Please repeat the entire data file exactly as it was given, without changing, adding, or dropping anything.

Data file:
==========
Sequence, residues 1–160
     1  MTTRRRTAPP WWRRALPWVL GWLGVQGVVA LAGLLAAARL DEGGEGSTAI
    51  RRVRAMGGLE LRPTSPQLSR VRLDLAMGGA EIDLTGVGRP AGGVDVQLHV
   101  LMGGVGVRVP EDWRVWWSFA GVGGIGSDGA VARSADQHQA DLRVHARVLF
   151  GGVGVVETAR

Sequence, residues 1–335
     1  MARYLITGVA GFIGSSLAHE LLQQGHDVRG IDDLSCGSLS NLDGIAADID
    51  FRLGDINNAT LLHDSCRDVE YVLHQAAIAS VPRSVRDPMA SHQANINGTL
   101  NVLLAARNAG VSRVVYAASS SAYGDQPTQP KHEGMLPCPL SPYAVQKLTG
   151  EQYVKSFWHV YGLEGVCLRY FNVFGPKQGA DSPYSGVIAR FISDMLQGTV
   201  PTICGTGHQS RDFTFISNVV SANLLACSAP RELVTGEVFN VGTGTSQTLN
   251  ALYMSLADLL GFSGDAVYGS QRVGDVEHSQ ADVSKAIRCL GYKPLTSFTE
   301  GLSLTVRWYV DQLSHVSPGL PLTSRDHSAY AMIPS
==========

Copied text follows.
Sequence, residues 1–160
     1  MTTRRRTAPP WWRRALPWVL GWLGVQGVVA LAGLLAAARL DEGGEGSTAI
    51  RRVRAMGGLE LRPTSPQLSR VRLDLAMGGA EIDLTGVGRP AGGVDVQLHV
   101  LMGGVGVRVP EDWRVWWSFA GVGGIGSDGA VARSADQHQA DLRVHARVLF
   151  GGVGVVETAR

Sequence, residues 1–335
     1  MARYLITGVA GFIGSSLAHE LLQQGHDVRG IDDLSCGSLS NLDGIAADID
    51  FRLGDINNAT LLHDSCRDVE YVLHQAAIAS VPRSVRDPMA SHQANINGTL
   101  NVLLAARNAG VSRVVYAASS SAYGDQPTQP KHEGMLPCPL SPYAVQKLTG
   151  EQYVKSFWHV YGLEGVCLRY FNVFGPKQGA DSPYSGVIAR FISDMLQGTV
   201  PTICGTGHQS RDFTFISNVV SANLLACSAP RELVTGEVFN VGTGTSQTLN
   251  ALYMSLADLL GFSGDAVYGS QRVGDVEHSQ ADVSKAIRCL GYKPLTSFTE
   301  GLSLTVRWYV DQLSHVSPGL PLTSRDHSAY AMIPS